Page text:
But the company made a major faux pas with a different sandwich. This one was released in Norway in 2002 and called the McAfrica. It consisted of beef and veggies in pita bread. It wasn't that it tasted bad -- but it was in bad taste, according to critics. That's because McDonald's happened to release this sandwich at a time when massive famine was occurring in Africa. The irony was too glaring for people to ignore. After being attacked as insensitive, the company agreed to roll back on its plans for the sandwich and kept donation boxes for hunger-relief charities at the restaurants that did offer it.
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- Berss, Marcia. "Empty Tables." Forbes. Dec. 6, 1993. Vol. 152, Issue 13. p232-235.
- Collins, Glenn. "Chief of McDonalds Defends Arch Deluxe to Franchisees." The New York Times. Sept. 19, 1996. [Oct. 10, 2008] http://query.nytimes.com/gst/fullpage.html?res=9A06E3D81E3AF93AA2575AC 0A960958260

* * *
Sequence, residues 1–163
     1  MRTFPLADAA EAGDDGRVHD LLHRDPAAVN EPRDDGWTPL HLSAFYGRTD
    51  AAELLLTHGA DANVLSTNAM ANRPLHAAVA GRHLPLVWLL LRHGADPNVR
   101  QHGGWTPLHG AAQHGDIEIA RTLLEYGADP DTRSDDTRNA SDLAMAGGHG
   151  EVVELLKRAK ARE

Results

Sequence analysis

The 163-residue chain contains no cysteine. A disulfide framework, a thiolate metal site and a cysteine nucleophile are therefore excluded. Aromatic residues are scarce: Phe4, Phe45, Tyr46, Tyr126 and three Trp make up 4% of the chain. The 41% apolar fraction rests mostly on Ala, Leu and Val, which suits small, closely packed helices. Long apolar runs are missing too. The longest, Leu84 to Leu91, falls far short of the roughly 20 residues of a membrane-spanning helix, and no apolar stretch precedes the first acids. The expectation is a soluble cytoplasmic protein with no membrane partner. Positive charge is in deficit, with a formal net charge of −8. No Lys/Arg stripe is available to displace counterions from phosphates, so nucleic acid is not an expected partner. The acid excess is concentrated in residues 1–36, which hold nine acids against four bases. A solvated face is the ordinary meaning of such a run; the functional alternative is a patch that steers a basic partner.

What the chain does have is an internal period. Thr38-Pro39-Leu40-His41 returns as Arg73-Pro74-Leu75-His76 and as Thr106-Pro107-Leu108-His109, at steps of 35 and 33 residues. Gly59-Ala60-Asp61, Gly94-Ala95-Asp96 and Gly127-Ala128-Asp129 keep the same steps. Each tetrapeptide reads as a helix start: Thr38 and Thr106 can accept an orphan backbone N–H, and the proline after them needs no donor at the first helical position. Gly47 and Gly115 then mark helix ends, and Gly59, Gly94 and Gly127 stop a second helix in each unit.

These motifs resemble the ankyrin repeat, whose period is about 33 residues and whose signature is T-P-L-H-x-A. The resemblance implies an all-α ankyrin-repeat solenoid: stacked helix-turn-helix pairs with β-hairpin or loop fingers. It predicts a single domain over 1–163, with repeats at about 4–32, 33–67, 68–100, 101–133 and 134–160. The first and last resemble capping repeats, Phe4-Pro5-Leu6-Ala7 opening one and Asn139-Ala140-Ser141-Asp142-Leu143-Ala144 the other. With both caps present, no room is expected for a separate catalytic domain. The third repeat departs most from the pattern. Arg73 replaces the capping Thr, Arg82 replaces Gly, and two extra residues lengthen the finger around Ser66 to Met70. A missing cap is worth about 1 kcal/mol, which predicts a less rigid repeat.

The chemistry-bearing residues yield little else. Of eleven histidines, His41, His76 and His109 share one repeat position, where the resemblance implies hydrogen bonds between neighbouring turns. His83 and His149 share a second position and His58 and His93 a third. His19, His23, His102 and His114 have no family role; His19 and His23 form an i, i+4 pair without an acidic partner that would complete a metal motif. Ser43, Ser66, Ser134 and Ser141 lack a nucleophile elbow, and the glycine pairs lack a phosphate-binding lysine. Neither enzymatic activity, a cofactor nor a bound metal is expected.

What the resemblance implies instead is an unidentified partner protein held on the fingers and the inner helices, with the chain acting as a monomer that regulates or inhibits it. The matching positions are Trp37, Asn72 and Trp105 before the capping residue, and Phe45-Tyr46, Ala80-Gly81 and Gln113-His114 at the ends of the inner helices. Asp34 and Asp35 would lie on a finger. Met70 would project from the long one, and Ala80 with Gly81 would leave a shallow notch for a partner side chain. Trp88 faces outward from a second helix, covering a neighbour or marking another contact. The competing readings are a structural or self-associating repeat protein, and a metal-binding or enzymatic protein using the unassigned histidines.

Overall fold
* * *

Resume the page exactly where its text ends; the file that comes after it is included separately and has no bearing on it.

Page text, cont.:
- Collins, Glenn. "Low-Fat Food: Feeding Frenzy For Marketers." The New York Times. September 27, 1995. [Oct. 10, 2008] http://query.nytimes.com/gst/fullpage.html?sec=health&res=990CE1D61F3DF934 A1575AC0A963958260
- Kidd, Kenneth, Karlene Nation. "Burger business turns tough Fast-food sales lose their sizzle." The Globe and Mail (Canada). Aug. 26, 1991.
- McCullough, Jillyn. "Lean sales for McDonald's low-fat burger." USA Today. March, 10, 1993.
- Reuters, "McDonald's bid for peace comes with chicken: Hopes McArabia sandwich will quell anti-U.S.-fury." National Post (Canada). Aug. 8, 2003.
- Riley, Karen. "McDonald's lightens its menu in a new drive to fatten profits." The Washington Times. July 4, 1991.